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# Lawnmower

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### Bendy Quad

### Long Short

### Dividing the Field

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- Problem
- Student Solutions

Tony Cardell, has sent in this solution,
which gives the correct answer. We're still not quite convinced:
how does he **know**
that the strips are parallel to the longer
side? If anyone can explain this, we'll add their explanation
here.

We must find the maximum distance between a pair of opposite sides (it doesn't matter which since this is a kite). If we extend the two sides (coloured blue), the intersection is on the same side of the kite as the equilateral triangle, as shown. So the maximum distance between the two sides is the red line.

Now look at the isosceles triangle part of the kite. One formula for the area of a triangle with sides a,b,c says that if s is the semi-perimeter, (a+b+c)/2, then the area is the square root of s(s-a)(s-b)(s-c). The isosceles triangle has sides 169, 169, 130, so s=234 and the area is 10140 square feet. But we also know that the area is 1/2 x base x height, so the height we want is 10140 x 2 / 169=120. So 120 foot-wide strips will be needed.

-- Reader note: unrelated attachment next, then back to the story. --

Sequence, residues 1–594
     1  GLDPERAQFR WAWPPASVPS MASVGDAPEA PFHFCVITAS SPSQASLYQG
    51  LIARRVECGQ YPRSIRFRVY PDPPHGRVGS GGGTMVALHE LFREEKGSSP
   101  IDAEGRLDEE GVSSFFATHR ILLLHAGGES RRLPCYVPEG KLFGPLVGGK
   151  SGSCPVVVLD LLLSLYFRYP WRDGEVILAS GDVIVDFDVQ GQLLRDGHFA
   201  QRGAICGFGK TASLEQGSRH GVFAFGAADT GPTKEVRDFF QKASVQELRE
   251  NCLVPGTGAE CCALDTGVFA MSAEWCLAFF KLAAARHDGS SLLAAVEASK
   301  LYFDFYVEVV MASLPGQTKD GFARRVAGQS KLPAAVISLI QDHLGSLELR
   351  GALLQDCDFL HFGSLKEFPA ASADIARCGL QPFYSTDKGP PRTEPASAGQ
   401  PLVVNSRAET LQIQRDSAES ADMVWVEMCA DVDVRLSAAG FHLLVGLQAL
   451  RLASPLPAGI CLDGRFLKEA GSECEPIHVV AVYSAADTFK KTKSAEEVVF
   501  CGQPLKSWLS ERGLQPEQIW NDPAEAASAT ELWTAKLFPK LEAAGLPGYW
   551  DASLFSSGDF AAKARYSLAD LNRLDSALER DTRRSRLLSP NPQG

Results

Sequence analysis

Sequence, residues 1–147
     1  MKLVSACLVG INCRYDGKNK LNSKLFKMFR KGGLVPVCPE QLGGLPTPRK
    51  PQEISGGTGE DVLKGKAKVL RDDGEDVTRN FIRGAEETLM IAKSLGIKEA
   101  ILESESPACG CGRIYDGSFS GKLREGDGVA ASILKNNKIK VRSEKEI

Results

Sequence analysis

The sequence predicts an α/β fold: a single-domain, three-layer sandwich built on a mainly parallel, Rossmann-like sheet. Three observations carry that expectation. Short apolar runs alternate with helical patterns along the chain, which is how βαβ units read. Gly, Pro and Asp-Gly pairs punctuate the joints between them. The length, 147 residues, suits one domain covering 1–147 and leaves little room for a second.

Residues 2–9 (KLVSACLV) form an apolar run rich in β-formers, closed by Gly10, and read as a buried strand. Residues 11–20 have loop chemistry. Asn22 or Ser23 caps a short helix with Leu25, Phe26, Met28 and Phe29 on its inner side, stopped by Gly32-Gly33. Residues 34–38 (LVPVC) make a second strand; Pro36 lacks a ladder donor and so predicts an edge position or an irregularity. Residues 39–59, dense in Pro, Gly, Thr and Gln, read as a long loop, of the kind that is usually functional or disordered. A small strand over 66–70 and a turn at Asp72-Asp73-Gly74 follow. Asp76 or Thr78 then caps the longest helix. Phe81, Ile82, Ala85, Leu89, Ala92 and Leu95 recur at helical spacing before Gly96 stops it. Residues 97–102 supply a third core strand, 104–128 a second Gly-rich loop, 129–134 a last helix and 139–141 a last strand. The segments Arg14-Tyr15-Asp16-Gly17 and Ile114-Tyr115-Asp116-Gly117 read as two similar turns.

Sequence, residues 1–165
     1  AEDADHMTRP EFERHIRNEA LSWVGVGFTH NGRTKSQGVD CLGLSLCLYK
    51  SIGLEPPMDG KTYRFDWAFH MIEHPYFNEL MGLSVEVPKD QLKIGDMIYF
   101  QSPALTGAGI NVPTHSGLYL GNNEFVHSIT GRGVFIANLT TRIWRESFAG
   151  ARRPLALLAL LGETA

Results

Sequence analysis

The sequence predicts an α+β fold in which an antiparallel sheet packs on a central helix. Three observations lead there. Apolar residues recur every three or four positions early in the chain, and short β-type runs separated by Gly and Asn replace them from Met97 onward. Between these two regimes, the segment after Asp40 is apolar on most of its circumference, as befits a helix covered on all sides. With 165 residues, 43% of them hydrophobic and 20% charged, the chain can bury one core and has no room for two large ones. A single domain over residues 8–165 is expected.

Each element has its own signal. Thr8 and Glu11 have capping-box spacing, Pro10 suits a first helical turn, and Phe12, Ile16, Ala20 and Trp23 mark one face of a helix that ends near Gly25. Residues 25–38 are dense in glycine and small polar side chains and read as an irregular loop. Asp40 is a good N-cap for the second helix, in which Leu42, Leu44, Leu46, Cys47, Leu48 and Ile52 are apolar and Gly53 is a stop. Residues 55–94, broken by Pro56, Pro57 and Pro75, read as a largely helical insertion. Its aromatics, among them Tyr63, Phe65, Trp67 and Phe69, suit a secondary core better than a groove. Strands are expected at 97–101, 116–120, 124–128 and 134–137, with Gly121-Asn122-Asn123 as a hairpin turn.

Four rods are hinged at their ends to form a convex quadrilateral. Investigate the different shapes that the quadrilateral can take. Be patient this problem may be slow to load.

What can you say about the lengths of the sides of a quadrilateral whose vertices are on a unit circle?

A farmer has a field which is the shape of a trapezium as illustrated below. To increase his profits he wishes to grow two different crops. To do this he would like to divide the field into two trapeziums each of equal area. How could he do this?